BORN 31 Jul 1865, Dresden - DIED 9 Feb 1939, Baden (near Wien): Haus Sorgenfrei|
REAL NAME Petermann, Helene
GRAVE LOCATION Wien: Zentralfriedhof, Simmeringer Hauptstraße 234, Simmering (Gruppe 12 D, Reihe 1, Nummer 23)
Helene Odilon started as an actress in Chemnitz, but she was contracted by the Court Theatre in Berlin according to the wishes of emperor Wilhelm I. In 1891 she left for Vienna, where she was soon famous for her wild private life and her erotic radiation. She seemed to have bewitched the town, at least the male part of it. Odilon worked for the Deutsches Volkstheater where she starred as Madame Dubarry and Madame Sans-Gêne. In 1898 Hermann Bahr wrote the part of Lona Ladinser for her in "Der Star". She also performed succesfully in London and in the United States (1902).
In 1893 she married the popular actor Girardi but the marriage was a complete disaster. Odilon continued her numerous love affairs and Girardi became extremely jealous. At home Girardi made her listen for hours to parts of his operetta's and then refused to listen to her when she was learning a new part. At one time Odilon moved over to the Sacher hotel and tried to get rid of Girardi by getting him committed to a clinic. The famous psychiatrist Dr. Julius Wagner-Jauregg stated without seeing Girardi in person that he was dangerous because of his use of cocain and should be committed to the mental home Svetlin. But Girardi managed to get away just in time. In 1896 the marriage was formally over. Her second husband was Ferencz von Rakovsky, a Hungarian who soon bored her. She twice went to the USA where she acted at Irving Place, the second time together with the actor Sonnenthal, with whom she subsequently toured the country. She observed that Chicago smelled of pigs.
In 1903 she suffered a stroke when she was in Tyrol. It ended her career abrubtly. The right side of her body was lame now and she was even put under supervision. Rekovsky died in 1907 and in that same year she married her third husband, the apothecarian Bela von Pecic from Zagreb. As a proof that she hadn't lost her mind she named her memoirs "Das Buch einer Schwachsinnigen" ("The Book of a feeble-minded", 1909). In this book she recalls how she and Girardi went to Scheveningen. Girardi was in a bad mood and did nothing but complain. At a certain point she could stand it no more and sent a telegram to a casual acquaintance that she didn't particularly like: "Come here at once and elope with me!". She and Girardi soon became friends again and she was lucky that the acquaintance never showed up.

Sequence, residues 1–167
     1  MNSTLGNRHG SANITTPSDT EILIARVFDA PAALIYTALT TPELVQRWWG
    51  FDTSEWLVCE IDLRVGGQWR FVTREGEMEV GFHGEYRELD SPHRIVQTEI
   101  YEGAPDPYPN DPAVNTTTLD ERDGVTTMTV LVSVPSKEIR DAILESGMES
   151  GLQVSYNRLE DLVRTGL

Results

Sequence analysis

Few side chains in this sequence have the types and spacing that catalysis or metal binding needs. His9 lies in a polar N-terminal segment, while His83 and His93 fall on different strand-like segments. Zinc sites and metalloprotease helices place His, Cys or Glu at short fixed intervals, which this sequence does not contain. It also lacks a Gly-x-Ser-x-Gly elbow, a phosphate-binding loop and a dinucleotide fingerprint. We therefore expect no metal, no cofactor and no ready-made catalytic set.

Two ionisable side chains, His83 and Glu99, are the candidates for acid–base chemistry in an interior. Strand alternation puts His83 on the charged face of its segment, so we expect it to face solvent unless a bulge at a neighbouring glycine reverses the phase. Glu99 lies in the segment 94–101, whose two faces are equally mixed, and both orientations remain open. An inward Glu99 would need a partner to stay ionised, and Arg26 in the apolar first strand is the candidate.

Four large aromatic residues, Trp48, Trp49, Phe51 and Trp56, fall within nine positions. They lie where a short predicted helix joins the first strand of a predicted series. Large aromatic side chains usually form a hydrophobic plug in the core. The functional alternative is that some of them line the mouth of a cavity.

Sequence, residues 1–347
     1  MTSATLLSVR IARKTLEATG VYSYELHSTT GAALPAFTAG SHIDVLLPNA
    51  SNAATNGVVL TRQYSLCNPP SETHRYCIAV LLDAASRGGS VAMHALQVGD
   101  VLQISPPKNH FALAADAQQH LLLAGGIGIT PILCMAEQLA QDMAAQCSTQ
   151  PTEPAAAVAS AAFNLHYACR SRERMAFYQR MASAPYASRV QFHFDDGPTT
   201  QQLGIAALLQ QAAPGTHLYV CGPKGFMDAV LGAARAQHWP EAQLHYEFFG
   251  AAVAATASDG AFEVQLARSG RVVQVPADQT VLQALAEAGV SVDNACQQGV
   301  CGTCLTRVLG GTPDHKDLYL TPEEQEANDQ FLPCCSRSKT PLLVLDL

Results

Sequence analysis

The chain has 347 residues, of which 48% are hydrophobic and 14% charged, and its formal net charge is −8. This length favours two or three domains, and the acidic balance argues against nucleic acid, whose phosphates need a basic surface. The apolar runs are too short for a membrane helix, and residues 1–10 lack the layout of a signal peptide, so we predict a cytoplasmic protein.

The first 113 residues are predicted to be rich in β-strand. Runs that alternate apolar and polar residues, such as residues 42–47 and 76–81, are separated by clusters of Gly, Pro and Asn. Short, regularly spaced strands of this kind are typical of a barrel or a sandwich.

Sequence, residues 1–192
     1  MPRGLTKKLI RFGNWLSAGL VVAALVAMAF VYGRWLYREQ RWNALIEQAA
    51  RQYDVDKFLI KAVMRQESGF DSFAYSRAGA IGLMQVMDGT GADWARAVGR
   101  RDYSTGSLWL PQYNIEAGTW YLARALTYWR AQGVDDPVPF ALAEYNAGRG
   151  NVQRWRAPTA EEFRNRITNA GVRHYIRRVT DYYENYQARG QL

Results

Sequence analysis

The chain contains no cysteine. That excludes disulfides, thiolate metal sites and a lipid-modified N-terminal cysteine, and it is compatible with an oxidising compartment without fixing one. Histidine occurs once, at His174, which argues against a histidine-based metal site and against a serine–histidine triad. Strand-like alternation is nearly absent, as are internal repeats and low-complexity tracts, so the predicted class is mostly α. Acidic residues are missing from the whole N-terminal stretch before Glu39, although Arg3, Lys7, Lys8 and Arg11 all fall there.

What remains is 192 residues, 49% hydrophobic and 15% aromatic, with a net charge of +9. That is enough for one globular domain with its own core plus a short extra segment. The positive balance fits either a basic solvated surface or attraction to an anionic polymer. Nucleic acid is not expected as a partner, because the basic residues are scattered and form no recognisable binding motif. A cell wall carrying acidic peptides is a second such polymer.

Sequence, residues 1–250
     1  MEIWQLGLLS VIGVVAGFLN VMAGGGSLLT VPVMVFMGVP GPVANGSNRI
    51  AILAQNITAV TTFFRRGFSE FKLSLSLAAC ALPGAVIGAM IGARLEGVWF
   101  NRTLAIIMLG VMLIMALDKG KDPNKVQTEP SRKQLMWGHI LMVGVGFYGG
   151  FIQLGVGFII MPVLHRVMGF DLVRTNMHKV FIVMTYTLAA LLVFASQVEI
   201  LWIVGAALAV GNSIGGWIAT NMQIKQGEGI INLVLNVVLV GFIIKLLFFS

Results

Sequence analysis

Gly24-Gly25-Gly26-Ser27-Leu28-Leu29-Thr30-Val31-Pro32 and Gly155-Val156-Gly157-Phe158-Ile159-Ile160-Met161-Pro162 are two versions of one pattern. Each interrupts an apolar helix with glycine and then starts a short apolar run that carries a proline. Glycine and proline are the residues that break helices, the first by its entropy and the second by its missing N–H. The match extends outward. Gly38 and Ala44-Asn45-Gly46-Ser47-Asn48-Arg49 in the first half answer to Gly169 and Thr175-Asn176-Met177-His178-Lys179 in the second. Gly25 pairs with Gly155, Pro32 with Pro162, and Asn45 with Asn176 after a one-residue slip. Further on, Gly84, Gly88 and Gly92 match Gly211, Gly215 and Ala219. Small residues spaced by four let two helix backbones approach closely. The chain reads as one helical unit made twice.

It was doubted in Austria if her third marriage, by which she obtained the Hungarian nationality, was legal and the discussion about her being under supervision continued until 1910. After that the public lost interest in her case and she disappered from the public eye.
In 1920 she lived in a retirement home in Salzburg. Hermann Bahr visited her and wondered in his newspaper column if the Deutches Volkstheater in Vienna remembered her, after it had lived for a decade from her performances. From Salzburg she returned to her native Dresden, where she lived in the Christlichen Hospitz in 1925.
In 1925 the press wrote that she was blinded (since 1916) and impoverished and that she was forced to beg. In 1928 she received a small pension and she received a place in the retirement home Sorgenfrei in Baden near Vienna. There she was visited several times by Adele Sandrock. She died in 1939 in Baden.
Husband: Girardi, Alexander (1893-1896)
knew Bahr, Hermann
was visited by Sandrock, Adele
Budig, Robert S. et al, Ehrengräber am Wiener Zentralfriedhof, Compress Verlag Wien, Wien
Katharina Schratt, Die Heimliche Frau des Kaisers, Ullstein, Berlin, 1988
Odilon, Helene eigentlich H. Petermann